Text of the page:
Metropolis

Of Course Trump Hates Brutalism

Buildings like the FBI headquarters are everything Trump is not.

An old-fashioned convertible drives by the FBI headquarters.
The J. Edgar Hoover Building in Washington on May 3, 2013.
Brendan Smialowski/AFP/Getty Images

Washington is at last making its mark on Donald Trump. On Sunday, Axios reported that the president had indulged in one of the inveterate hang-ups of D.C. society: complaining about the FBI headquarters on Pennsylvania Avenue.

“Even the building is terrible,” he said of the full-block, 1975 J. Edgar Hoover Building, according to the account. “It’s one of the brutalist-type buildings, you know, brutalist architecture. Honestly, I think it’s one of the ugliest buildings in the city.” The president plans to oversee the long-planned construction of a new headquarters, on that site, in an “excruciating level of detail.” While it is amusing to imagine the president playing in a sandbox down the block from the Oval Office, it’s not surprising he has an investment in the site: It’s a stone’s throw from his Washington hotel, where American power brokers and foreign diplomats write checks to the president’s family.

It is also not surprising that Trump the architecture critic has no love for FBI HQ, one of the most reviled examples of the maligned Brutalist style. In the public imagination, capital-B Brutalism—the postwar fad named for béton brut, French for raw concrete, and defined by its heavy, cast-concrete forms—tends to be lumped in with both the shoddy, underfunded modernism of public housing projects and the space-age experiments that followed. As Julia Gatley and Stuart King write in Brutalism Resurgent, a 2016 anthology, brutalist came to be “a pejorative term used to describe monolithic buildings of raw concrete construction that impose themselves on their surroundings.” In the New York that shaped Trump’s aesthetics, that description would have suited affordable housing projects like Waterside Plaza, River Park Towers, Chatham Towers, and Tracey Towers—the antitheses of Trump’s new brand. The far right appears to be leading a broader backlash against architecture self-evidently built with 20th-century technology. Such structures, in addition to their perceived deviance from the “Western traditions” venerated by American fascists, represent the tastes and lifestyles of America’s treacherous urban elite.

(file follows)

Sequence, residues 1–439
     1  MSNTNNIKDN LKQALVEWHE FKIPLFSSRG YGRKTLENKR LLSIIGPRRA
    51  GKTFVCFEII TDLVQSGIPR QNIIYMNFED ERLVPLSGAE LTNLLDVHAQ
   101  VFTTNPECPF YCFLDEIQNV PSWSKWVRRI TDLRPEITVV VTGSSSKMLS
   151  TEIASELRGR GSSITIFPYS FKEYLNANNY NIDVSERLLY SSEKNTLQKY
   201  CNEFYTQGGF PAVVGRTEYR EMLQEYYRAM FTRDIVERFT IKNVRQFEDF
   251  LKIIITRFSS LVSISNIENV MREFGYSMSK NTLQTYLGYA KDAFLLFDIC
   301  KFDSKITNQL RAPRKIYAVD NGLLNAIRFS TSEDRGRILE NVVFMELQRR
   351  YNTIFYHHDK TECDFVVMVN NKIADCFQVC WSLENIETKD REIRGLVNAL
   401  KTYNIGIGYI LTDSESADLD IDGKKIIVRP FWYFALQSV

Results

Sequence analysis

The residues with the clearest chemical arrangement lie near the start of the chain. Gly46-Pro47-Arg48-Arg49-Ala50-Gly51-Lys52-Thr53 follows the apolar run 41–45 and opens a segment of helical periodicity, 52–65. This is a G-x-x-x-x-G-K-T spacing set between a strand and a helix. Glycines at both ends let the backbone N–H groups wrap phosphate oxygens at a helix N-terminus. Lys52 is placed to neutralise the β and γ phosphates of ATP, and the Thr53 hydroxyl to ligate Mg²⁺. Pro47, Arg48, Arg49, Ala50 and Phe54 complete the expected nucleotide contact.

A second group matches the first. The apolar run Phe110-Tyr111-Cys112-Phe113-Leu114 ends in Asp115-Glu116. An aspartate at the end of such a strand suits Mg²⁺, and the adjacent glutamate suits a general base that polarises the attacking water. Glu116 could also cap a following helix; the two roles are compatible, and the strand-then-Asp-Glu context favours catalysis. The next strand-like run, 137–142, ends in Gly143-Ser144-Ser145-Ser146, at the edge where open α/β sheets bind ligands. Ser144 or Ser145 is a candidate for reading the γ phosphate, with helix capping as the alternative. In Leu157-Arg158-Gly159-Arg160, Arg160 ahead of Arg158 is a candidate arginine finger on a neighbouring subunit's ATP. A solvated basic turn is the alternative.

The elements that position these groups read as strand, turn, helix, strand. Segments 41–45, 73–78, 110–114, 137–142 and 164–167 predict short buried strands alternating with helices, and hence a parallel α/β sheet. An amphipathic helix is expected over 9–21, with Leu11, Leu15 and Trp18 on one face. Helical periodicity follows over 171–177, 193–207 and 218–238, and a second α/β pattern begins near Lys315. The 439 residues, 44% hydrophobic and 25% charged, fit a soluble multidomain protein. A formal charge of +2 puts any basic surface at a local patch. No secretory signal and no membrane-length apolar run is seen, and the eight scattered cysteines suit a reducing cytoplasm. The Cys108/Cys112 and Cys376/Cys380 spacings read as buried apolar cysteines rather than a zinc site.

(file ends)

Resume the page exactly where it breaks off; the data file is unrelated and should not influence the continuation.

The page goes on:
At left: The U.S. Department of Housing and Urban Development headquarters in Washington. At right: The Tracey Towers in the Bronx.
The Department of Housing and Urban Development headquarters in Washington and the Tracey Towers in the Bronx.
Photo illustration by Slate. Photos by Kjetil Ree/Wikimedia Commons and Dan DeLuca/Flickr CC.

That Brutalism is now cool again is not unrelated. For Trump, as for many Americans of a certain age, the style came to embody the public sphere at a time when Washington’s plans for cities were in rapid retrenchment. Our best-known Brutalist edifices tend to be outposts of federal power, municipal facilities like police stations or university landmarks like libraries. For liberals, buildings like Marcel Breuer’s headquarters for the Department of Housing and Urban Development in Washington are period pieces that represent an idealistic vision of what government can and should take responsibility for. For architects, they represent a time when the profession’s social role was pre-eminent. Another theory of the style’s resurgent appeal is that its bold, uncompromising shapes, with their dynamic patterns of sun and shadow, feel newly ambitious against the reflective expanses of contemporary architecture.